On Friday morning, the president of the United States tweeted about a two-day-old Washington Examiner article with an unsubstantiated claim from one anonymous rancher.

“There’s a lot of people coming in not just from Mexico,” the rancher had told the newspaper. Then, without offering further proof, the rancher said that “people, the general public, just don’t get the terrorist threats of that. That’s what’s really scary. You don’t know what’s coming across. We’ve found prayer rugs out here. It’s unreal. It’s not just Mexican nationals that are coming across.”

Trump quoted the line about prayer rugs, adding: “People coming across the Southern Border from many countries, some of which would be a big surprise.”

The anonymous rancher’s comment about prayer rugs — one that has now been repeated by the president to support his proposed border wall during the partial government shutdown — is similar to the claims of a conspiracy theory that has long been popular with far-right and anti-Muslim figures and publications. And the rumor itself has been invoked to support a larger, debunked claim from a far-right group that Islamic State operatives have established a massive training camp at the border.

It is a claim that conflates an item used by some practicing Muslims with a sign of terrorists — the false implication being that any association with the Islamic faith is itself worthy of suspicion.

Ibrahim Hooper, a spokesman for the Council on American-Islamic Relations, said the meme was “Islamophobic.”

“It exploits the Islamophobia promoted by the president himself,” Hooper told The Washington Post, “and it dog whistles that anything associated with Islam is somehow connected to terrorism.”

“Even if there were prayer rugs at the border, so what? That isn’t any indication of anything except that there may have been a Muslim trying to cross the border,” he added, noting that Trump is simply “trying to distract from his own legal and political problems.”

Below is a short history of the prayer rug rumors, their debunking, and their reanimation during border security conversations over the years.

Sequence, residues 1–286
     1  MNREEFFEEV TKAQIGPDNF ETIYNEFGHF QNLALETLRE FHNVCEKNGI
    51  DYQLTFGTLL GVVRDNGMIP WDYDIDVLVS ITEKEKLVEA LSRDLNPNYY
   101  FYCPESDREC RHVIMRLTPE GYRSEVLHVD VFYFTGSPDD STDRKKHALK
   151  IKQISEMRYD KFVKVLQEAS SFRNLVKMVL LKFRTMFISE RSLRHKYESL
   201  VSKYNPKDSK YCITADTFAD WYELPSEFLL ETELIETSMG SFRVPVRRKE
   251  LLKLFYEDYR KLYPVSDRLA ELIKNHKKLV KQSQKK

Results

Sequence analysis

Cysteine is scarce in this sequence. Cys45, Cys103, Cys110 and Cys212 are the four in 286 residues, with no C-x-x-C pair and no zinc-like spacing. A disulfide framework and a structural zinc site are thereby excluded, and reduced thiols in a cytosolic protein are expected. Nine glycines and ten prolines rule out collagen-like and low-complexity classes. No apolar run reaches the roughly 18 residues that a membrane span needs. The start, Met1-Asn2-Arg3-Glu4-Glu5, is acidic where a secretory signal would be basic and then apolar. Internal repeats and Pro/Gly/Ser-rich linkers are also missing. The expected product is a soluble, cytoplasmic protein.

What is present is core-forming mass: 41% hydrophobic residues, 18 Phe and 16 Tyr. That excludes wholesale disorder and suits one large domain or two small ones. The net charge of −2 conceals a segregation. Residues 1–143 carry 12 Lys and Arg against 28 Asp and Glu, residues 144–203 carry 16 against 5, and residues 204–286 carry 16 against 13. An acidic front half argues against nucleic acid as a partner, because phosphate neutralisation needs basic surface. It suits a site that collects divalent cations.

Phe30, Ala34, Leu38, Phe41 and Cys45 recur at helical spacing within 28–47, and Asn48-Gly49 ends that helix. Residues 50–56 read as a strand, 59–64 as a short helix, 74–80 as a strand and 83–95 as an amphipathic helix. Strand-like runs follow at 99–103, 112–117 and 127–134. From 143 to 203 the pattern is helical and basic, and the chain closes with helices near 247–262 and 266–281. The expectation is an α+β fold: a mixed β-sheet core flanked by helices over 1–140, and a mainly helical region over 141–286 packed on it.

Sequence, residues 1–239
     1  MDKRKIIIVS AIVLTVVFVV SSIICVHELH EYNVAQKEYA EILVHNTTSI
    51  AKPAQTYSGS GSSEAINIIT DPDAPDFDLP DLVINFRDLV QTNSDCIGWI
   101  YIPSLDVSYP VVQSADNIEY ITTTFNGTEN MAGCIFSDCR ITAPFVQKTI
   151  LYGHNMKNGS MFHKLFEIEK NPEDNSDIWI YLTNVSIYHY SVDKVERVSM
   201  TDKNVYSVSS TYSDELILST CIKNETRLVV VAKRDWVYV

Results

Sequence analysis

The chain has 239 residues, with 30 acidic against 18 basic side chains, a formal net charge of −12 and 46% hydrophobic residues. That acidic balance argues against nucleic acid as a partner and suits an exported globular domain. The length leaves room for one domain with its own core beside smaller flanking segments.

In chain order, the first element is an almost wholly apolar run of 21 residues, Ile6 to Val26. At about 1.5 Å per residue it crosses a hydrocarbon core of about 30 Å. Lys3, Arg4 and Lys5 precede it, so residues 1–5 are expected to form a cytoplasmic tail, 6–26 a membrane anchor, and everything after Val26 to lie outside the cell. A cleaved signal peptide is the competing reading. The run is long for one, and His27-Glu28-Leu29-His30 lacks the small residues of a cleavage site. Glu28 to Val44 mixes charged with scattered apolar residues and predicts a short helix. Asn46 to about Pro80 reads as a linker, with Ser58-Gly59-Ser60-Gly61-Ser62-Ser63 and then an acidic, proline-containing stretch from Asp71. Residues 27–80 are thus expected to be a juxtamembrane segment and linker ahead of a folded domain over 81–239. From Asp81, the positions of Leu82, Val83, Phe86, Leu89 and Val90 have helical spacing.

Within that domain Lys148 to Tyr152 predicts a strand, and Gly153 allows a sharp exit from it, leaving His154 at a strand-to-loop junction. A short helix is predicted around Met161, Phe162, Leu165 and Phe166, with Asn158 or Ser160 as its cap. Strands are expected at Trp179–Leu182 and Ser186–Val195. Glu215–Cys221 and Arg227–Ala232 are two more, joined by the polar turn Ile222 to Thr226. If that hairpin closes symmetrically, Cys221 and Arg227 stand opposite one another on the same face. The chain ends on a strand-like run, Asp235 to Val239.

2005: “Suspicious items picked up by local residents”

The first time rumors of Muslim prayer rugs at the border appear to have crossed over into notable media coverage was in 2005. Some Republican lawmakers advocating for increased border security invoked the rumor to support their policies.

In a statement, then-senator Kay Bailey Hutchison (R-Tex.) cited the following as evidence of terrorist threats along the southern border: “Along the Mexican border there have been stories of suspicious items picked up by local residents, including Muslim prayer rugs and notebooks written in both Arabic and Spanish,” the statement read. There was no specific incident or photograph to accompany the claim, which would become a running theme with this rumor.

Later that year, then-representative Tom Tancredo (R-Colo.) told CBS News for a story on border threats that during a recent visit to the border: “We found the Koran. We found copies of the Koran. We have found prayer rugs.”

A 2005 fact check of a TV ad claiming that terrorists were slipping across the southern border found that there were immigrants of Middle Eastern descent crossing into the U.S. through Mexico, but basically no proof any of them were connected to a terrorist group. The ad was intended to rally support for building a “fence” along the border.

2014: Breitbart publishes a picture

Nearly a decade later, the rumor would become news again after a group of security contractors working at the border found a piece of cloth on the ground and sent a photo to the conservative news site Breitbart, which ran it along with the following quote from an unnamed security contractor: